“One of the best parts of ELITE is the chance to network, and learning not to be afraid to walk up to someone you don’t know and say, ‘Hi, I’m Carlos,’” he said. “Once you establish those connections, you always have people you can go to for help. I also learned to look at things from the 50,000-foot level, not just the campus level.”

Also promoted was Jessica Buchanan, a Class 6 ambassador who is now coordinator of Career Development Services; she was previously an academic adviser.

“ELITE helps you understand your strengths and your value,” Buchanan said. “It gives you confidence and a support system. A lot of times, we might believe in ourselves, but knowing that others believe in us too is very inspiring.”

Patrice Thigpen, guidance counselor at Polk State Lakeland Collegiate High School, also participated in Class 6, and said ELITE helped her think outside the box of her daily job.

“It’s easy to stay in your little place and let the big guys do what they do,” she said. “But ELITE gave me more confidence to approach people for help if I need to.”

Thigpen said ELITE helped her develop critical-thinking skills that she uses daily to evaluate her workflow, looking for ways to be more efficient.

Claudy Fenelon added that his experiences in Class 5 of ELITE sharpened his communication skills, which helped him achieve his promotion to academic adviser at Polk State Lakeland from transition specialist for TRiO Student Support Services.

Previous ELITE participants and positions to which they’ve been promoted also include: Sallie Brisbane, director of Polk State Lakeland Collegiate High School; Bridget Fetter, director of Polk State Chain of Lakes Collegiate High School; Christina Fullerton, director of TLCC and Learning Resources at Polk State Winter Haven; Cheryl Garnett, director of the Polk State JD Alexander Center; Rick Jeffries, assistant director of Polk State Chain of Lakes Collegiate High School; Kristen Jernigan, instruction and e-learning librarian at Polk State Lakeland; Kathy Jessie, coordinator of the TLCC at the Polk State JD Alexander Center; LaTrice Moore, entrepreneurship coordinator; Carole Shelton-Toney, coordinator of veteran services; Melvin Thompson, director of student activities and leadership; Karen Walfall, senior academic adviser; Mary Westgate, coordinator of institutional testing.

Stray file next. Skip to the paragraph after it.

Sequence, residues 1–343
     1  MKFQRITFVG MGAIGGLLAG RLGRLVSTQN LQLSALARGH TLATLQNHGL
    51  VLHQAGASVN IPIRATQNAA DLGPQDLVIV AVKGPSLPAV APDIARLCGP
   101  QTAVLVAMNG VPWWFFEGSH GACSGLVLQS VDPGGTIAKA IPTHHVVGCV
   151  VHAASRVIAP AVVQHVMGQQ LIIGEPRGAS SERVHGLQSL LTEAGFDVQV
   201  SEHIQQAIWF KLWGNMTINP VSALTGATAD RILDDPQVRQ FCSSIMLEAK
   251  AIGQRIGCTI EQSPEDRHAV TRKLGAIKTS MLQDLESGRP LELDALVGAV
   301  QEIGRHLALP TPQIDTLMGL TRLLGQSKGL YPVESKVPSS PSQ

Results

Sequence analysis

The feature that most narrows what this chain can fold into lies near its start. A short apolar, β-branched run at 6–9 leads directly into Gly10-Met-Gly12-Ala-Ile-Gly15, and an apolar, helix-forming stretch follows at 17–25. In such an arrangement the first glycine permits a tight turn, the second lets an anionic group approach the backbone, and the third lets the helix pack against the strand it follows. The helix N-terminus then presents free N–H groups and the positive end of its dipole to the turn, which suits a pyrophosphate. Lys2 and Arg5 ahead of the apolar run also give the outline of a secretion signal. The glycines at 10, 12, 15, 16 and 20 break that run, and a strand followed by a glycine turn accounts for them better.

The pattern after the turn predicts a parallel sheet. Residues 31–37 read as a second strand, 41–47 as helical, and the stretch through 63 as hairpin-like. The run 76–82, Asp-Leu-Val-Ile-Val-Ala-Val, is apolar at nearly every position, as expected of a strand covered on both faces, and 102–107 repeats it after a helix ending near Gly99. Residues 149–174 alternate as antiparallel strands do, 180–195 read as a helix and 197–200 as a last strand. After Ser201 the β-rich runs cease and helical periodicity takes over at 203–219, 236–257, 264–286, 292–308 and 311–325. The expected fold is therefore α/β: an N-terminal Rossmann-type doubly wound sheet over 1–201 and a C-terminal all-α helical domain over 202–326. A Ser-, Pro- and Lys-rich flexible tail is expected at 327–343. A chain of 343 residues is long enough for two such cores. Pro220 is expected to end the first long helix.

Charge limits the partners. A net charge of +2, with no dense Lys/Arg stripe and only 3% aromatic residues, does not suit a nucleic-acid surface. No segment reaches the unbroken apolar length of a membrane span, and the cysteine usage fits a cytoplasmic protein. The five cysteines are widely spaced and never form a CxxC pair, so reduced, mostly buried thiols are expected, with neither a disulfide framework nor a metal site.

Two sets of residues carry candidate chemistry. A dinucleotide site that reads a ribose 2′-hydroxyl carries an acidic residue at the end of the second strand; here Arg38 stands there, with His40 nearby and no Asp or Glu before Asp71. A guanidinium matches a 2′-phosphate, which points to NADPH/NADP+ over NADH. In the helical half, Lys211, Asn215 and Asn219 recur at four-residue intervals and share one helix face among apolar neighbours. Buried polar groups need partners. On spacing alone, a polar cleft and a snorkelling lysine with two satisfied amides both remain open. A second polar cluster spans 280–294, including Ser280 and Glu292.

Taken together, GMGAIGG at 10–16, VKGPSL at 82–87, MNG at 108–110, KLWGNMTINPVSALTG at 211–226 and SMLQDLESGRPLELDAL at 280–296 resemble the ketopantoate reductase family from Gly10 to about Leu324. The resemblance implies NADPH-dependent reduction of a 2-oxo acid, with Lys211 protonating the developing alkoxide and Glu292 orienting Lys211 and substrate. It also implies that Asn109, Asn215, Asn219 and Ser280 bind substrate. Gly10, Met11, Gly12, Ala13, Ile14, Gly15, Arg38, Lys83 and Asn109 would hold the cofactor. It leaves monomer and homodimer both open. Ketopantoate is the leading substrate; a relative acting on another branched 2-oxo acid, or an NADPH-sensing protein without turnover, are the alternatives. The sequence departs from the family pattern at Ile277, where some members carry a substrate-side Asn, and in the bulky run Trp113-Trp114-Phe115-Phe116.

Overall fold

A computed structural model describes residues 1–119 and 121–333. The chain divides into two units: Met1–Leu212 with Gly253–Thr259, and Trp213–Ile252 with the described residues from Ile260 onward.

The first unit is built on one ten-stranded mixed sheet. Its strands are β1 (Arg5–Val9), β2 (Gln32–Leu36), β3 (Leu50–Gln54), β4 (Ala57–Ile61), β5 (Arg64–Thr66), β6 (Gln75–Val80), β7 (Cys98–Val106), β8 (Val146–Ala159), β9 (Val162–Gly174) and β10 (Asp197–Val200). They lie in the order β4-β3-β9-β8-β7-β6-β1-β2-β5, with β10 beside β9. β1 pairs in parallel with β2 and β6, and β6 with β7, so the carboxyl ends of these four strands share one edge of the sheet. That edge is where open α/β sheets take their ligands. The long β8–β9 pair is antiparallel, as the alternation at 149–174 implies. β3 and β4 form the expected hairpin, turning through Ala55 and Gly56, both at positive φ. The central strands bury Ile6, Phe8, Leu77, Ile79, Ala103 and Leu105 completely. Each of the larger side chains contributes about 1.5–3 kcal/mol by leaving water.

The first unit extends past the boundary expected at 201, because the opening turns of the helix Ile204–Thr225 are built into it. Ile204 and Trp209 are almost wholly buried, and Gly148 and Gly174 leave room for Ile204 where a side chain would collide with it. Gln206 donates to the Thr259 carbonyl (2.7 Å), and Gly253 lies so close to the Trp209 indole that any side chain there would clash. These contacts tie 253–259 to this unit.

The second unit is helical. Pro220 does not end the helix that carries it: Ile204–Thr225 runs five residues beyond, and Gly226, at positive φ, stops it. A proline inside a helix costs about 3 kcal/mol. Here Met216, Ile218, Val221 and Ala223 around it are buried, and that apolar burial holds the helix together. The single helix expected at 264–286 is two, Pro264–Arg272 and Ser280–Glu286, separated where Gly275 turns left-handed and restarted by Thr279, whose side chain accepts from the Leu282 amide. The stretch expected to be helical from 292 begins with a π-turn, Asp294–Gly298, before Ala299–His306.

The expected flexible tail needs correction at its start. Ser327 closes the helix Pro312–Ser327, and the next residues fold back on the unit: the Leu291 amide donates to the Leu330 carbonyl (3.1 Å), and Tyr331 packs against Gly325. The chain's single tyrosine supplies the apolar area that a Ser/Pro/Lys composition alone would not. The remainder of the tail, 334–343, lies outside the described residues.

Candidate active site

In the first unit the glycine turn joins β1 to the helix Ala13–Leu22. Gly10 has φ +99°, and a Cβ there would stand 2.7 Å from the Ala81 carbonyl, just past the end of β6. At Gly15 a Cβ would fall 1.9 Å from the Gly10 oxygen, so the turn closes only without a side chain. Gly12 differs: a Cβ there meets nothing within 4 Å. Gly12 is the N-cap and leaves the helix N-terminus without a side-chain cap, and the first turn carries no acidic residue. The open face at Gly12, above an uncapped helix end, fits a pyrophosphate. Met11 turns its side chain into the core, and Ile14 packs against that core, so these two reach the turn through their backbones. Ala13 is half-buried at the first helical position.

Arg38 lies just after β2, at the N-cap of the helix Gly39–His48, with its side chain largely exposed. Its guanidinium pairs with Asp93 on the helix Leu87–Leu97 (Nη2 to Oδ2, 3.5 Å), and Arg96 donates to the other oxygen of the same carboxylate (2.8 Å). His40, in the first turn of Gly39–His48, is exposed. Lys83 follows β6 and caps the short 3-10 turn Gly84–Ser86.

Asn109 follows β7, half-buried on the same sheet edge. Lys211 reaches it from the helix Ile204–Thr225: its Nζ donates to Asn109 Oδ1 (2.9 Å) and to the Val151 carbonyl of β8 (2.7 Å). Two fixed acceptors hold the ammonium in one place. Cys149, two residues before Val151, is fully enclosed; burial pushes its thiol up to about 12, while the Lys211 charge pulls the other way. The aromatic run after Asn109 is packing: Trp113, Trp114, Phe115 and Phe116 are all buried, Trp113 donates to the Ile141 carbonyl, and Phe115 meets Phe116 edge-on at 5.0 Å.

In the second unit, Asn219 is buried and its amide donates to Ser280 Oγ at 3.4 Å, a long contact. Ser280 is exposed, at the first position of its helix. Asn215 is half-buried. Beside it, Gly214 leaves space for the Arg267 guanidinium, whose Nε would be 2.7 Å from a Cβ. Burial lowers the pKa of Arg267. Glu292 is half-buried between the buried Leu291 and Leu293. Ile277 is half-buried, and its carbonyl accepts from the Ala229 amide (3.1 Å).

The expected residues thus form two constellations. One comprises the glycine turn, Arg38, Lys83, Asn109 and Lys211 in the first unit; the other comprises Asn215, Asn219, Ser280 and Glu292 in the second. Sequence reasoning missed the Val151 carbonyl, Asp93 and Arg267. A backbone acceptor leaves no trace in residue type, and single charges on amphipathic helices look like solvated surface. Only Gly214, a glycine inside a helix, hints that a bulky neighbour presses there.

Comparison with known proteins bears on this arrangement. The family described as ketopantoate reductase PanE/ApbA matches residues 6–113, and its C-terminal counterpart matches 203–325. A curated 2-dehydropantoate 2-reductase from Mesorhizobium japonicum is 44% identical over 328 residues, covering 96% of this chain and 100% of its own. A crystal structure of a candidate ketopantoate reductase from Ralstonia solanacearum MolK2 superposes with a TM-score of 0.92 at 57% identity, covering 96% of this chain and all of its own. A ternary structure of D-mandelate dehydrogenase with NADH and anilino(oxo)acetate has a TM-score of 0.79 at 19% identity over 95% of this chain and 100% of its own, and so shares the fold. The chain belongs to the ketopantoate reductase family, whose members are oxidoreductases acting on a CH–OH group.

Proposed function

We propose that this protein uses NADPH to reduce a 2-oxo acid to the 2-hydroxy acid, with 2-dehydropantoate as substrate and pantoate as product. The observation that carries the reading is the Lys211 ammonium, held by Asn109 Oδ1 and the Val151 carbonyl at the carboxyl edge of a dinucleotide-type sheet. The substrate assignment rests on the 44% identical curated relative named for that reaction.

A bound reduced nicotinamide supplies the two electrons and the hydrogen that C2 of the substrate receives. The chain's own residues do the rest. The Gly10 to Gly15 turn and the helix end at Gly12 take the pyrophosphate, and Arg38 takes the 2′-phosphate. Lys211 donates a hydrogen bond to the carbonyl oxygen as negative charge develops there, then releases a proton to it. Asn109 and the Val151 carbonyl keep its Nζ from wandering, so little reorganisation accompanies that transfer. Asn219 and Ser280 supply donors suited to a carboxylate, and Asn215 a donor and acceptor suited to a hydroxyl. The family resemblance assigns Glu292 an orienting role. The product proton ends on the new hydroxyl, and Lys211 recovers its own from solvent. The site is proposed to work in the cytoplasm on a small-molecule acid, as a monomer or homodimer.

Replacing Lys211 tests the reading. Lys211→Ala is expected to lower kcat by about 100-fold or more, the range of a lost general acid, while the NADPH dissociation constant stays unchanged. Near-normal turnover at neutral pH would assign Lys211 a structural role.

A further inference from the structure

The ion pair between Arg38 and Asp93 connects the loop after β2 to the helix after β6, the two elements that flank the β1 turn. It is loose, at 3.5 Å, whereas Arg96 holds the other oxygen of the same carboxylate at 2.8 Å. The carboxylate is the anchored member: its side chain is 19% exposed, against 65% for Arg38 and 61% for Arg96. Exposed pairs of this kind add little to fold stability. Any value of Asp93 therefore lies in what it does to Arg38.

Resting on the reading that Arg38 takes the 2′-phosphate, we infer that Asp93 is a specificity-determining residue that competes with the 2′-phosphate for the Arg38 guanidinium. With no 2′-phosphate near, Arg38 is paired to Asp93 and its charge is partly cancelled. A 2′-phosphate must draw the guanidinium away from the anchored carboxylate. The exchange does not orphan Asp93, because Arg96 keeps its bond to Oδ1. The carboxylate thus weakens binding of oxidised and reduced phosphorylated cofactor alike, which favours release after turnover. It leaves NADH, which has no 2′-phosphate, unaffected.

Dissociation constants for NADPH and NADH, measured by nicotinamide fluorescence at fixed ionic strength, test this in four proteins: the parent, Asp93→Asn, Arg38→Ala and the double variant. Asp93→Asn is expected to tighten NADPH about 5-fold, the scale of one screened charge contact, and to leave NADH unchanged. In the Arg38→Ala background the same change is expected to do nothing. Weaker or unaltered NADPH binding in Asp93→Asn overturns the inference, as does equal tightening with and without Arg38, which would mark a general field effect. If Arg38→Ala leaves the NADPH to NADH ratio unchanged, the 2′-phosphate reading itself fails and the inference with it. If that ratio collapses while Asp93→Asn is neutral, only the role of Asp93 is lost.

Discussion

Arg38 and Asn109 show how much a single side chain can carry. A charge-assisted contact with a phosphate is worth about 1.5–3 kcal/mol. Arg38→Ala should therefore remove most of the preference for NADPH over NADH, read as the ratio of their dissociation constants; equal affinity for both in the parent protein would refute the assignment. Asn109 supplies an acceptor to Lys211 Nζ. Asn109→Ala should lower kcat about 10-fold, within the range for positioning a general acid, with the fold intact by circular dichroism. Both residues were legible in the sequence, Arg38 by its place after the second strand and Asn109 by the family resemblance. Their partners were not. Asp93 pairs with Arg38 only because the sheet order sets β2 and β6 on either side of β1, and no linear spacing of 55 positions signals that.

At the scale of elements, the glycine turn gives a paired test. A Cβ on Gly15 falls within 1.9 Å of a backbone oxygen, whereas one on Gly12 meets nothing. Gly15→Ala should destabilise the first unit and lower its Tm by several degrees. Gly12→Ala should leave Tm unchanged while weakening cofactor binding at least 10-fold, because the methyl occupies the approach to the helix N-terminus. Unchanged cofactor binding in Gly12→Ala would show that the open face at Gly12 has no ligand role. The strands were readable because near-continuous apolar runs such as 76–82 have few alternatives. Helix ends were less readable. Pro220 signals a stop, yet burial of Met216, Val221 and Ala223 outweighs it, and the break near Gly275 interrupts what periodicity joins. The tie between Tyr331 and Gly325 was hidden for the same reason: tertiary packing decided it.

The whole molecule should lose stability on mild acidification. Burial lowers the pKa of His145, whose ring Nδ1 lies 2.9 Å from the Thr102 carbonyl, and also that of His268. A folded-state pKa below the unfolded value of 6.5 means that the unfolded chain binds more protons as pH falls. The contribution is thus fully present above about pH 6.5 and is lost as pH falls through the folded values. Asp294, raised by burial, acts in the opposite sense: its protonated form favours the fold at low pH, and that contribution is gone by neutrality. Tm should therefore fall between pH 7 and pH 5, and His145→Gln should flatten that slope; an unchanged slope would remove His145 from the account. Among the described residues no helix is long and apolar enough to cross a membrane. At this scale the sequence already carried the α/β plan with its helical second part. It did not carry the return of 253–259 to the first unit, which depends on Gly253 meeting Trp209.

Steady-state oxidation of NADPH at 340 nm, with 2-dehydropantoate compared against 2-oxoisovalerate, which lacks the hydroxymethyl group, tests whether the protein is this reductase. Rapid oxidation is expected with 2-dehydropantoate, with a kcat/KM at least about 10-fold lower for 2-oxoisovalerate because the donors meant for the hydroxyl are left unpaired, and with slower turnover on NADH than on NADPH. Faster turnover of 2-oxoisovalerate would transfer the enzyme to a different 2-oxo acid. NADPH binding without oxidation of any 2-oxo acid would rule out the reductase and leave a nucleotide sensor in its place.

ELITE is a program of particular interest for Polk State President Eileen Holden because it is modeled after the LEAP — Leadership Enhancement Advancement Program — at Palm Beach State College.

In 1994, while working as division chair over the largest academic unit at Palm Beach, Holden was selected to participate in LEAP, and she was never quite the same for it.

“Participating in the program allowed me to interact with colleagues in similar and higher positions at neighboring colleges and to explore the leadership and management styles of successful leaders. My career goal at the time was to become a dean for academic affairs, and I saw this professional development opportunity as a way to chart that course,” she said.

“It was through that experience that I was able to ‘step away’ from the daily operational aspects of my job to focus on examining the key characteristics that are aligned with good leaders. The program provided many opportunities for me to develop both professionally and personally. In 1997, I was promoted to dean of academic affairs (at Palm Beach) and was very grateful for the program.”

Potential ELITE participants must have at least a baccalaureate degree and must have worked at the College for at least two years, including one year in their current positions. Potential participants must also plan to remain at the College for at least one year after they complete ELITE. Applications for ELITE are available by contacting Baker at extension 5378 or vbaker@polk.edu. The application deadline is Sept. 9 at 4 p.m.